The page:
Two concerts in one

Rodney DeCroo and Herald Nix team up for Lotus show, June 13

Ferdy Belland

“I prefer alternate venues,” admits singer-songwriter Rodney DeCroo, “especially for solo shows.

“My songs are lyric-driven. I want to play shows for listening audiences so they can connect with the song. That means I’ve been playing in art galleries, the odd theatre, bookstores, house concerts, and such.

“Pubs and cabarets are okay for band-oriented shows, but it’s not the best way to connect with an audience. There’s are always people in a bar that aren’t there for the show, and they often ruin the show for the people who want to hear. Especially if the songs are quiet, or lyric-focused.”

So says Vancouver’s roots-folk maverick troubadour, who appears live in concert at Lotus Books the evening of Thursday June 13.

Born in a Pennsylvanian coal-mining town, DeCroo is the son of a troubled ex-US Marine who deserted the military to avoid a second tour of duty in Vietnam and fled with his family to British Columbia. After a troubled, tumultuous childhood, the young Rodney found solace and focus in music, and for many years has been recording critically-acclaimed underground folk albums for the Vancouver-based Modern Electric label: Rodney DeCroo and the Killers (2005), War Torn Man (2006), Truckers Memorial (2006), Mockingbird Bible (2008), Queen Mary Trash (2010), and the spoken-word Allegheny (2012). DeCroo’s deeply personal world-weary lyrics are delivered with a sincere back-country drawl; the sentiments of pre-rehab Steve Earle with Dylanesque vocals. And there’s a Cranbrook connection, as well; DeCroo’s father managed the long-lost Tudor House Hotel for a spell.

“After I toured my album Queen Mary Trash, I parted ways with my band and stopped playing shows for over six months,” DeCroo said. “I’d been quite involved with the local scene before that, but I wanted time away from it. I spent a year and a half writing my book and making my record Allegheny, BC. I’d do the occasional solo show, but those were in intimate rental venues, like Little Mountain Gallery. I unplugged from the scene. Over the last two years things have changed a lot, so I’m a little out of the loop, but that’s fine by me. People come to my shows, and that’s what matters to me.”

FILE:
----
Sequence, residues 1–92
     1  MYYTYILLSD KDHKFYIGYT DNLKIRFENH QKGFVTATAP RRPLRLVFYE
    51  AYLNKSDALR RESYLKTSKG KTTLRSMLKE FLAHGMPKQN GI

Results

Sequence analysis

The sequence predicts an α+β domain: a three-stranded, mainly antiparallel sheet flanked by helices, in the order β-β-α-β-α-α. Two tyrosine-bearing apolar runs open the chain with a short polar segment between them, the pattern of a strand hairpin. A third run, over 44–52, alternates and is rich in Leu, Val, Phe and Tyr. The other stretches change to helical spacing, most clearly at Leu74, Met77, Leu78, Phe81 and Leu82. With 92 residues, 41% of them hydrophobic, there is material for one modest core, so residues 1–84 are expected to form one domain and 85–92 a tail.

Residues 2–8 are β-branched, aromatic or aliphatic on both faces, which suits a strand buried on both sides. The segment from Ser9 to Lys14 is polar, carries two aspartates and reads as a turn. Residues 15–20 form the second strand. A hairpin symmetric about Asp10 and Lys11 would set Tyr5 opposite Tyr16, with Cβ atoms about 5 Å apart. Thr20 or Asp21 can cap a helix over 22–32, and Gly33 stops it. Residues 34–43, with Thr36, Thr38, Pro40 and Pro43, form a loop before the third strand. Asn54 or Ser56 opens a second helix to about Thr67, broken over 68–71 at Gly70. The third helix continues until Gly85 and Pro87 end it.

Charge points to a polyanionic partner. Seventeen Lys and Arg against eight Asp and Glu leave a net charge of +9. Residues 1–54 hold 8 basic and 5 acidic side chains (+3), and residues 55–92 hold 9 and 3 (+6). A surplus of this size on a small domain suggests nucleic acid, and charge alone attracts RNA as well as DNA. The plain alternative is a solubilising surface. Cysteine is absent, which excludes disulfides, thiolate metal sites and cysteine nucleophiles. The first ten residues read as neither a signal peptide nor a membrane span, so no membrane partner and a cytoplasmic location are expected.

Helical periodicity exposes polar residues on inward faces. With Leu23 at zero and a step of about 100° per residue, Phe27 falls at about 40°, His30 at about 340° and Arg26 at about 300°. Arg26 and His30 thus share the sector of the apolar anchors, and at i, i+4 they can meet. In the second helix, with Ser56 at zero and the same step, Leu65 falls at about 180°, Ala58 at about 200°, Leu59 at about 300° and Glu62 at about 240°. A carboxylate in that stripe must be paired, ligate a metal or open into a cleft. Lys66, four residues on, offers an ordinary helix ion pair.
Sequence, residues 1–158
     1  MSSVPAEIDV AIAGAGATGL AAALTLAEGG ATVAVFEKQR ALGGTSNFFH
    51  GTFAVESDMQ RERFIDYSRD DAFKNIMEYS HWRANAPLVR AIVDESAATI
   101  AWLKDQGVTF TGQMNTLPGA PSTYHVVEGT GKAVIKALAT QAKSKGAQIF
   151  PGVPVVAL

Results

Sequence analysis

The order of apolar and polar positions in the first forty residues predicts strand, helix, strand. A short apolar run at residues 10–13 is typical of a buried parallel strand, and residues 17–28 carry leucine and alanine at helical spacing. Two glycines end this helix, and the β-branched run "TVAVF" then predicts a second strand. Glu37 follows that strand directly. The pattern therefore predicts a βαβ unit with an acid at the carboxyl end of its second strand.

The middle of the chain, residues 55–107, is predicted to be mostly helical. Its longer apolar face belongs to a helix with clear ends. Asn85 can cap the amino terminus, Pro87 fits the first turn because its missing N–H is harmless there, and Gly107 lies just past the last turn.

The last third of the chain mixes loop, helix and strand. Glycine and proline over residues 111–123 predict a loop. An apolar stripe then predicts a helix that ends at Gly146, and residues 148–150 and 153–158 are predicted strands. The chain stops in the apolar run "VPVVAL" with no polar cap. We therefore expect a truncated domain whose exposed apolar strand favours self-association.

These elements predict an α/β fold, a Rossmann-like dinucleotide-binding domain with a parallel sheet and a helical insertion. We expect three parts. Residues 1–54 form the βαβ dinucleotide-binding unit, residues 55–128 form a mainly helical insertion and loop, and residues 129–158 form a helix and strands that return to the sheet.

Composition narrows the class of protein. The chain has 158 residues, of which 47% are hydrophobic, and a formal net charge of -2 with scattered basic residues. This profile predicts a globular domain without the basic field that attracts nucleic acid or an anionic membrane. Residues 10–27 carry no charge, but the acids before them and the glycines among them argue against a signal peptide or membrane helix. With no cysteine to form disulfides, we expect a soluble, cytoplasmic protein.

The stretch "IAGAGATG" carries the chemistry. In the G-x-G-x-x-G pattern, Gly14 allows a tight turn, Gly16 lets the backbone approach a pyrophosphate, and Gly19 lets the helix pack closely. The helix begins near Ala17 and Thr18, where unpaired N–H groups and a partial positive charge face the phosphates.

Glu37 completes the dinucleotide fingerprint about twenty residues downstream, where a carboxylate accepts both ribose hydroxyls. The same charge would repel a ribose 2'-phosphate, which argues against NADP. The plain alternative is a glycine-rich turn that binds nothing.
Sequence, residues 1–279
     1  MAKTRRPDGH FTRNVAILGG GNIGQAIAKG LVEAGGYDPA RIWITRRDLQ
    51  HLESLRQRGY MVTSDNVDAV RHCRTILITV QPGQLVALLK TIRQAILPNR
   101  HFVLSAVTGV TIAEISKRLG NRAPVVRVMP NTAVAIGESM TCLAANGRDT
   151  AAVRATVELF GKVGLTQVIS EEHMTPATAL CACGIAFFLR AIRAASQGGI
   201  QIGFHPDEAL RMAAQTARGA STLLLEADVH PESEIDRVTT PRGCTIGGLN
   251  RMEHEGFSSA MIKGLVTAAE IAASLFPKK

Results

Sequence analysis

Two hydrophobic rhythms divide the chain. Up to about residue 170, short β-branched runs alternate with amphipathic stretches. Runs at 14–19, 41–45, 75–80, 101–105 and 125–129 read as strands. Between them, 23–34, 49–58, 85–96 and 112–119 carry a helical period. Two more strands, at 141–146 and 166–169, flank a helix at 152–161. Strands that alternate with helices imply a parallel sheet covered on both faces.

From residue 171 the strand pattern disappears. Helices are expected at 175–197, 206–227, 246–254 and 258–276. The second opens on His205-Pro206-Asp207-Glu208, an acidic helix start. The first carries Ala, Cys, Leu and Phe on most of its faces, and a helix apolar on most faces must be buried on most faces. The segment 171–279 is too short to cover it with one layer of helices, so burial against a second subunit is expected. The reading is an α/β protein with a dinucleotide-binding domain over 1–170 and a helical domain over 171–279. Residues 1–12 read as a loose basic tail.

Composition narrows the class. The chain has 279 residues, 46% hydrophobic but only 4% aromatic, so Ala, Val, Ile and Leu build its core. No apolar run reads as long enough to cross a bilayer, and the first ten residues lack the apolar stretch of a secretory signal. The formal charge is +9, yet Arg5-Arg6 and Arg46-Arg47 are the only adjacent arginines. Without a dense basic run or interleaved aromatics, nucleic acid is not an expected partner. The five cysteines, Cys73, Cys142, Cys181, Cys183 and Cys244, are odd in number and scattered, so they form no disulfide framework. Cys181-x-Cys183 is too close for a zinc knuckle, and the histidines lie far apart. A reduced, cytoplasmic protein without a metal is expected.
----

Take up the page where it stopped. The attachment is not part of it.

Joining DeCroo on his current tour is Modern Electric labelmate Herald Nix, who has built a rabid Vancouver fanbase for his smoky, mysterious brand of roots-rock for nearly 30 years running,

Years before the terms “Americana” and “Alt-Country” were coined and fashionable, Nix displayed his stunning country-blues masterpieces to tightly-packed and mesmerized crowds. An eccentric yet compelling character (he rarely gives interviews), Nix is a truly unique talent, and his upcoming performance is indeed a community privilege.

“I’ve shared stages many times with Herald,” says DeCroo, “but this is the first time I’ve toured with him. I admire him greatly. There’s an unwavering commitment to his own vision.”

DeCroo also has a parallel career as a writer of prose, and has melded his two muses into a multimedia performance-art piece entitled Allegheny BC. “It’s about growing up in Pittsburgh,” he explains, “it consists of songs, poems and monologues. My double-bass player Mark Haney accompanies me and creates amazing soundscapes. We toured a rough version of the show and it went great. I’ll be doing ten nights at the Cultch in September, and at the Vancouver International Writers Festival. We’re doing intense rehearsals with a theatre director to hone the show and develop lighting design, video, etc.”

It would seem that DeCroo’s schedule is sewn up for the remainder of 2013. “I’m supposed to do some touring in Europe later in the year. My new album Campfires on the Moon is nearly finished, and I’m very excited about it. I’ve also been rehearsing with a rock band and plan to make a record with those guys…I think I’ll call it Strong is the Hold.”

With well over a hundred strong songs in his personal repertoire, DeCroo certainly has the experience and the talent to pass along to other singer-songwriters. “It all depends on what you want out of songwriting,” he explains. “I want to write good songs, and record and play them…on my terms. If that’s what’s important to an underground / indie songwriter, then my advice? Do exactly that; don’t make compromises with your work you can’t live with in order to get ahead. You’ll regret it later, and you’ll find yourself somewhere you don’t want to be. I’d like to be remembered as someone who wrote good, authentic songs that meant something, and made good, authentic records, and played some memorable shows; someone who stayed true to his own vision.”

Rodney DeCroo (left) and Herald Nix will be performing at Lotus Books in Cranbrook Thursday June 13; showtime 8 p.m. For more information call 250-426-3415.

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